Cyberattacks Target … Our Universities?

Cyberattacks on large corporations and government organizations are nothing new. Over the past two decades, whole industries have been formed to stay one step ahead of the increasingly sophisticated and nefarious cadre of global hackers seeking information to gain advantage. Companies and government entities across the world view hacking as a top security threat and are continually on high alert for the next big cyberattack.

Image via Shutterstock
Image via Shutterstock
Image via Shutterstock

Cyberattacks on large corporations and government organizations are nothing new. Over the past two decades, whole industries have been formed to stay one step ahead of the increasingly sophisticated and nefarious cadre of global hackers seeking information to gain advantage. Companies and government entities across the world view hacking as a top security threat and are continually on high alert for the next big cyberattack.

But now, hackers are increasingly taking aim at breaking down different walls: our top academic institutions. “America’s research universities, among the most open and robust centers of information exchange in the world, are increasingly coming under cyberattack, most of it thought to be from China, with millions of hacking attempts weekly. Campuses are being forced to tighten security, constrict their culture of openness and try to determine what has been stolen,” writes Richard Pérez-Peña in The New York Times.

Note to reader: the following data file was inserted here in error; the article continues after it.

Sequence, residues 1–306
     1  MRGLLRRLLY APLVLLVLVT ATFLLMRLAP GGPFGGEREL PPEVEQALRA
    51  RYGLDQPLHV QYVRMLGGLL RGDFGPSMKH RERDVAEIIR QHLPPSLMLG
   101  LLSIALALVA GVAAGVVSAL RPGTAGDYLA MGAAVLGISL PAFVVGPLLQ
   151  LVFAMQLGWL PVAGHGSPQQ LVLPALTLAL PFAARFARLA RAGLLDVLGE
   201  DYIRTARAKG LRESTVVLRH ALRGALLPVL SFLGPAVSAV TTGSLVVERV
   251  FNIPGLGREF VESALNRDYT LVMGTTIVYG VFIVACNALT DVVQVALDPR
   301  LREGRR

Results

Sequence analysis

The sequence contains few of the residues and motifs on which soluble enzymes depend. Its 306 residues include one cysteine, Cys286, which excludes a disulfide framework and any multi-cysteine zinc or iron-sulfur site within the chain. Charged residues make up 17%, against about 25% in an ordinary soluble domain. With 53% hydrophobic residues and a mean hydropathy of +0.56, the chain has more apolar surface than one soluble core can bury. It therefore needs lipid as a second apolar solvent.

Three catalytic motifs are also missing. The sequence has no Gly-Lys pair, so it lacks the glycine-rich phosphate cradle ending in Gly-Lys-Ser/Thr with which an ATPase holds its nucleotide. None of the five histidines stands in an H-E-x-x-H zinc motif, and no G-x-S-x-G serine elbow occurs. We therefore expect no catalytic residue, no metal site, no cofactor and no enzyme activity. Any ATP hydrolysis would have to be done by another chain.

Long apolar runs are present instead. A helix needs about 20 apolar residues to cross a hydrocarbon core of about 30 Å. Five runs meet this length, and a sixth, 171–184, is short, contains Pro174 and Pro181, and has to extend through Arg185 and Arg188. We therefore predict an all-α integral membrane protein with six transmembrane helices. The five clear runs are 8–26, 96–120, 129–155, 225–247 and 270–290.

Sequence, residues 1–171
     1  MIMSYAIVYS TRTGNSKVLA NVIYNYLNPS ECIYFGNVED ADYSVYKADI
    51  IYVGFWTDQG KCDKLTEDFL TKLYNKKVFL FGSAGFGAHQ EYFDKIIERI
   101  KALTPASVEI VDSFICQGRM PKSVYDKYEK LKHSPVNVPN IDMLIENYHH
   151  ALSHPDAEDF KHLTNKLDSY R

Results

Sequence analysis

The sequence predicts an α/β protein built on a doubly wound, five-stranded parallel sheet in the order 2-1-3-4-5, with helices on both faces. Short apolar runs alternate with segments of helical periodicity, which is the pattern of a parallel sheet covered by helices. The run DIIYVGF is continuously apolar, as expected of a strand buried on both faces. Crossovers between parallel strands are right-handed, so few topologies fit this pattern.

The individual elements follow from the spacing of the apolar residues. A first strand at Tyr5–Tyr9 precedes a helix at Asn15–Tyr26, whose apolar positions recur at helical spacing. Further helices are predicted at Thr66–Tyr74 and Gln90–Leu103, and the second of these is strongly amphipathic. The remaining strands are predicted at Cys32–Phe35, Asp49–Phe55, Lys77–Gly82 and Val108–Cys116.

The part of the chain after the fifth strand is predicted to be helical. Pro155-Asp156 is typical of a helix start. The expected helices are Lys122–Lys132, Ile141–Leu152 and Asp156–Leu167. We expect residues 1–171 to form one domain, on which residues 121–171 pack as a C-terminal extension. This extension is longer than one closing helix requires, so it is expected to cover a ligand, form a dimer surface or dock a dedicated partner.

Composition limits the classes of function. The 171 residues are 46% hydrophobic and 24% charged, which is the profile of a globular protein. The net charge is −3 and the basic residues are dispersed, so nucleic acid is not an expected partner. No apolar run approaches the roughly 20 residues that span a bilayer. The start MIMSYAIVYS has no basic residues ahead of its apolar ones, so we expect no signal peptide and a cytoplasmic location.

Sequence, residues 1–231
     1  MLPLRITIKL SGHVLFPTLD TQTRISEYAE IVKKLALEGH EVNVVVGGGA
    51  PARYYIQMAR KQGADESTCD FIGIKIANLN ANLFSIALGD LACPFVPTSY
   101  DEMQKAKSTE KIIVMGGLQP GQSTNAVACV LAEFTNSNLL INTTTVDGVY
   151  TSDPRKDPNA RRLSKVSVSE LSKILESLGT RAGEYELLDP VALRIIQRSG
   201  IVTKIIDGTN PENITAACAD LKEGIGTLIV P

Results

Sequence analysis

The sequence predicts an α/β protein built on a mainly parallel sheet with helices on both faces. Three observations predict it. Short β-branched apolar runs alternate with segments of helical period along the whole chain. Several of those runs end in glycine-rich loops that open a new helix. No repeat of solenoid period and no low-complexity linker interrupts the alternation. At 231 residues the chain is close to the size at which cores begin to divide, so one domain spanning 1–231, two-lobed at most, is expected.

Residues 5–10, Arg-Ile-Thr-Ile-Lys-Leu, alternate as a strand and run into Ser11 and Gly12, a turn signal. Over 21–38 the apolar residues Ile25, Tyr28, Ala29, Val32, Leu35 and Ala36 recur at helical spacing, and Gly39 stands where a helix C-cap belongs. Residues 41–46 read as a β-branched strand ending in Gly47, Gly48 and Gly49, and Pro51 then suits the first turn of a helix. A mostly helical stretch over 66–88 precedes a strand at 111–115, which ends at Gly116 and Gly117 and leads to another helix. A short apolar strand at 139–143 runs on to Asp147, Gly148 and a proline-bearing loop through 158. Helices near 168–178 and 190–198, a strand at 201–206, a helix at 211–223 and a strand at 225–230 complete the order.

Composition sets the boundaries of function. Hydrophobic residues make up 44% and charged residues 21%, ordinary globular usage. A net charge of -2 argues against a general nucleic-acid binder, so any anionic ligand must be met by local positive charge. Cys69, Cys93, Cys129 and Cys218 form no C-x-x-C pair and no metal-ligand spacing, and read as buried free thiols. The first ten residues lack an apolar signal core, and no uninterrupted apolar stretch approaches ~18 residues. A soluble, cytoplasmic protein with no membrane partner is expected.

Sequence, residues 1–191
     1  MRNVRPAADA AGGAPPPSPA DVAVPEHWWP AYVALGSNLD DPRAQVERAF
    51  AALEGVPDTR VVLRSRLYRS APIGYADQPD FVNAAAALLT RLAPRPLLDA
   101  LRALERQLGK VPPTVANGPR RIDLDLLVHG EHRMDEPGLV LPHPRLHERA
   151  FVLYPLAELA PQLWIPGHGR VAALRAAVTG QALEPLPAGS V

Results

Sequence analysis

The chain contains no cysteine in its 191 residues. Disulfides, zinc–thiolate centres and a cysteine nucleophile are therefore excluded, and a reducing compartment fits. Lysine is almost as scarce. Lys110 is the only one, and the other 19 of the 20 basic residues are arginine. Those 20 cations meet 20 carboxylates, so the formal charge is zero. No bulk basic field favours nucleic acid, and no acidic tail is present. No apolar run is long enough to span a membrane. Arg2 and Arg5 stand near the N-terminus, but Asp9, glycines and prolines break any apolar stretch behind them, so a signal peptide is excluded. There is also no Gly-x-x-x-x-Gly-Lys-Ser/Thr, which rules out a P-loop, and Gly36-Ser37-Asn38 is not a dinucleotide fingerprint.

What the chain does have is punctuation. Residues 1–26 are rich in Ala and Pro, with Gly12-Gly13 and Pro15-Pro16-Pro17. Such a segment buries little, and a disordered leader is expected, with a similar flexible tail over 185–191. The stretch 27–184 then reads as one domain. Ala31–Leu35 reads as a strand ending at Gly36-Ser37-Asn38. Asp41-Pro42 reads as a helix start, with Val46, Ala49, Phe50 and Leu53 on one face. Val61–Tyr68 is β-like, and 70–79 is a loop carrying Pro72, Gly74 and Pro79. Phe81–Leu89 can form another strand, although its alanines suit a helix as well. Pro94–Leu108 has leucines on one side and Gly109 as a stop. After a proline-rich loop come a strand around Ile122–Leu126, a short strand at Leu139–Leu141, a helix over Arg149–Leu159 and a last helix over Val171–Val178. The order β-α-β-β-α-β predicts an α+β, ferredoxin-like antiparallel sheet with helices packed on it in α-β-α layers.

Other countries where these hackers reside include Russia and Vietnam, though in far smaller numbers than China. In all cases, they’re going after intellectual property like patents for computer chips, fuel cells, medical devices, and prescription drugs.

Given that university systems often comprise thousands of students and professors logging in individually via their own computers, their systems are by nature more porous than those of corporations. Pérez-Peña explains that because universities encourage a free flow of information and collaboration, there’s an added layer of complexity when addressing the problem. “The increased threat of hacking has forced many universities to rethink the basic structure of their computer networks and their open style, though officials say they are resisting the temptation to create a fortress with high digital walls,” he writes.

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